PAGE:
Franklin, Rachel N., et al. “Proteomic Genotyping: Using Mass Spectrometry to Infer SNP Genotypes in Pigmented and Non-Pigmented Hair.” Forensic Science International, 2020, p. 110200., doi:10.1016/j.forsciint.2020.110200.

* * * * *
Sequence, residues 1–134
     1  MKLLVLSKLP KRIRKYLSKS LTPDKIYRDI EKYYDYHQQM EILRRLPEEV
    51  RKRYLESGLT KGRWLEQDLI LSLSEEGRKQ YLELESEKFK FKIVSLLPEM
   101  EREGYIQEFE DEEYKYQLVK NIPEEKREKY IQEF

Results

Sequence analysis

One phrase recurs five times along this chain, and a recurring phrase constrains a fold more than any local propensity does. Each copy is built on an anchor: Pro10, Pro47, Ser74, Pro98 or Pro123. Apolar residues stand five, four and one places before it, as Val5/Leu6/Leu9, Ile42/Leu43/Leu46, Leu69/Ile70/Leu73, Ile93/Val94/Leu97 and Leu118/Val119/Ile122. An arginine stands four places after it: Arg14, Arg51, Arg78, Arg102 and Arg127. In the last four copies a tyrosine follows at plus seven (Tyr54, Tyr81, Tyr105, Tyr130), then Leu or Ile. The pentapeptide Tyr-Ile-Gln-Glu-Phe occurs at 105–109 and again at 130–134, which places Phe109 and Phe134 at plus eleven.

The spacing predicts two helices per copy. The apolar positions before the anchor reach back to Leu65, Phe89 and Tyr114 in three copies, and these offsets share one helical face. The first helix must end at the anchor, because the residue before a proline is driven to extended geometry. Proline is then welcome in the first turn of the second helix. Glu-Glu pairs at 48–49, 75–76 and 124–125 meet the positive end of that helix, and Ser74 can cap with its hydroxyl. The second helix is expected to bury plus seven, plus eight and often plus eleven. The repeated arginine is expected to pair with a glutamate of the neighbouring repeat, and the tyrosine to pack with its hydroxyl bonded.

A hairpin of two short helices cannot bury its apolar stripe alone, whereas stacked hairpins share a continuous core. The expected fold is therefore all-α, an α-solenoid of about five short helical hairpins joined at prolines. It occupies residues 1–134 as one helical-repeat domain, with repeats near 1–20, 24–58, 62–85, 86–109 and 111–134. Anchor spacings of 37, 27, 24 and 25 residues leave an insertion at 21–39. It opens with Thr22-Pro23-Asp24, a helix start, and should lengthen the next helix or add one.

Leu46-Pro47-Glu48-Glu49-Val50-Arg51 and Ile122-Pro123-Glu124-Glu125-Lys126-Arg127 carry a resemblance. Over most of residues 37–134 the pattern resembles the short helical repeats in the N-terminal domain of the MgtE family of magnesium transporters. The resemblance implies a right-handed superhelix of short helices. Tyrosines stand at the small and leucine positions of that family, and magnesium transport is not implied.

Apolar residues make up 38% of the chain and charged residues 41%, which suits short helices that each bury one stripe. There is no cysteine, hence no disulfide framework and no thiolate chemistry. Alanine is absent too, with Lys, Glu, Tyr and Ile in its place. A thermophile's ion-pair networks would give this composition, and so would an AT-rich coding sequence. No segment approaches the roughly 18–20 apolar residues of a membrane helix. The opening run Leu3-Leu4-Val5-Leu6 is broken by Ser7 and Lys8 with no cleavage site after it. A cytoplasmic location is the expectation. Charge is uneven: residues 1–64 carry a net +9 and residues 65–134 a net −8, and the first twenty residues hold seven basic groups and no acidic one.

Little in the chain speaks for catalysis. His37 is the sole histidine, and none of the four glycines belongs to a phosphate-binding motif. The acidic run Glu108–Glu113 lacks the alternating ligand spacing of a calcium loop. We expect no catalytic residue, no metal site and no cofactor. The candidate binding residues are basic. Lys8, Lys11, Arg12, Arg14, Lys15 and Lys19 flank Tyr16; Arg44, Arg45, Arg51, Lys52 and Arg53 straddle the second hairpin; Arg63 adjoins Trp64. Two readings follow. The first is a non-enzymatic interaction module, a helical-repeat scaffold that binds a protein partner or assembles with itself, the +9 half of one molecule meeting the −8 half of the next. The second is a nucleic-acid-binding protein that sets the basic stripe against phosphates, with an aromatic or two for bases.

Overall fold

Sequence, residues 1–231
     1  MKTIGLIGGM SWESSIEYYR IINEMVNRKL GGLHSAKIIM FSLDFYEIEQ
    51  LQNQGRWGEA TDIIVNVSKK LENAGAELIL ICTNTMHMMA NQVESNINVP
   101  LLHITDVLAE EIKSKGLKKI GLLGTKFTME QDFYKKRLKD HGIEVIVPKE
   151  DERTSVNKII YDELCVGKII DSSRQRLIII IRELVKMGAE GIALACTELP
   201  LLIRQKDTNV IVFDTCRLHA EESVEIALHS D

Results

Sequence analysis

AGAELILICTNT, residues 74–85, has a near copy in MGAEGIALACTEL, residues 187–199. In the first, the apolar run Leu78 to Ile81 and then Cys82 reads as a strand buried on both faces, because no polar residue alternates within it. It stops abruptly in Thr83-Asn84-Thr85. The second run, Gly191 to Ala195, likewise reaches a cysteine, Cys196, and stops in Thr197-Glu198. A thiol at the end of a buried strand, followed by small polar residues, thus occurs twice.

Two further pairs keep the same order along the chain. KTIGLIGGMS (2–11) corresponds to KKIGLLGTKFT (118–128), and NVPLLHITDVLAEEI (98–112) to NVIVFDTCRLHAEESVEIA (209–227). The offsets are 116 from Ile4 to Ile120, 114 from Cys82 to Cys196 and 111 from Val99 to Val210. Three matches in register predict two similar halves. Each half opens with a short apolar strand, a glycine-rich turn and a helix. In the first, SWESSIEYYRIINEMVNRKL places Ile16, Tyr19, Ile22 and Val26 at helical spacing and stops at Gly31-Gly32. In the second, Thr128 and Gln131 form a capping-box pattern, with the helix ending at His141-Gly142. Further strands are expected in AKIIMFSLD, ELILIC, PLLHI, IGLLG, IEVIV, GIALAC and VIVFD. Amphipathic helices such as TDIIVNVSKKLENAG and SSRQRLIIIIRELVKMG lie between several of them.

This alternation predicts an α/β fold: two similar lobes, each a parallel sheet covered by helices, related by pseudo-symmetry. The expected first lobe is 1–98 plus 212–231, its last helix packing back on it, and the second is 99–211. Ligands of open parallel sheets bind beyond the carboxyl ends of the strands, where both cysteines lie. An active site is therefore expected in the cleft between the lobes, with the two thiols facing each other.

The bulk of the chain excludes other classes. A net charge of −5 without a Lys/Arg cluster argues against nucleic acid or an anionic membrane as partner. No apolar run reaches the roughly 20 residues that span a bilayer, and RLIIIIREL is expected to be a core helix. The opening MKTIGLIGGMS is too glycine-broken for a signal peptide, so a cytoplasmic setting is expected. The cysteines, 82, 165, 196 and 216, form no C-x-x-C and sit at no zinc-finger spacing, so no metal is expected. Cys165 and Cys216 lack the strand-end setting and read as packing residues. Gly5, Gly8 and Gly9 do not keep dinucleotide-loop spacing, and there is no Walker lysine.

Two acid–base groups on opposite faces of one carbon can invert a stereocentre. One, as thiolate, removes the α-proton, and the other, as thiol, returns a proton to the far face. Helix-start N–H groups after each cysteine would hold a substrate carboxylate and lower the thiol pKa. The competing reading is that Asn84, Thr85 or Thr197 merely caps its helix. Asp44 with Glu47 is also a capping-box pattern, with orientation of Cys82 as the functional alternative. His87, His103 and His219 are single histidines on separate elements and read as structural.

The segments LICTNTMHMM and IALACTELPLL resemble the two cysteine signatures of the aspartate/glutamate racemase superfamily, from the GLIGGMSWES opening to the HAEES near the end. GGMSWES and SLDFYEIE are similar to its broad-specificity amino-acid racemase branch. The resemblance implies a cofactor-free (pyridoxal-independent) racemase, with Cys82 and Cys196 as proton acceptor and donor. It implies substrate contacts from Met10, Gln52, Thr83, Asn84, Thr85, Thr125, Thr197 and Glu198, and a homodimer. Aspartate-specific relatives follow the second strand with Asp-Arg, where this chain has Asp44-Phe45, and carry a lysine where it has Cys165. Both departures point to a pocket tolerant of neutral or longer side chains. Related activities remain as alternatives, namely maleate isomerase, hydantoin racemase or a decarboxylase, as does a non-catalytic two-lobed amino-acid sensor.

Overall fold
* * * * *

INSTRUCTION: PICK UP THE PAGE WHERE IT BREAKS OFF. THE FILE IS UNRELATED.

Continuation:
Proteomic genotyping uses genetically variant peptides that contain single amino acid polymorphisms to infer the genotype of corresponding non-synonymous SNP alleles. We have focused on hair proteins as a source of protein-based genetic information in a forensic context. An optimized sample processing protocol for hair shafts has been developed for use on a single hair that allows us to conduct validation protocols on real world samples. This includes whether the inferred SNP genotypes are robust and not systematically affected by biological or chemical variation in hair proteomes that might be obtained from a crime scene. To this end we analyzed the hair of 4 mature individuals with a mixture of pigmented and non-pigmented hair. We demonstrate significant changes in the proteomes of grey versus pigmented hair. Vesicle specific proteins and lipid catabolism proteins were enriched in pigmented hair, and housekeeping proteins and lipid anabolic enzymes were enriched in grey, non-pigmented hair. The resulting profiles of genetically variant peptides, however, were more correlated with profiles from the same individuals regardless of pigmentation status. Together with other published evidence, this finding indicates that profiles of genetically variant peptides are robust and more correlated with other genetically variant peptide profiles from the same individual irrespective of changes occurring in the hair protein profile. Based on this small sample, investigators using profiles of genetically variant peptides to infer random match probabilities should not expect to observe differences based on the pigmentation of the hair shaft.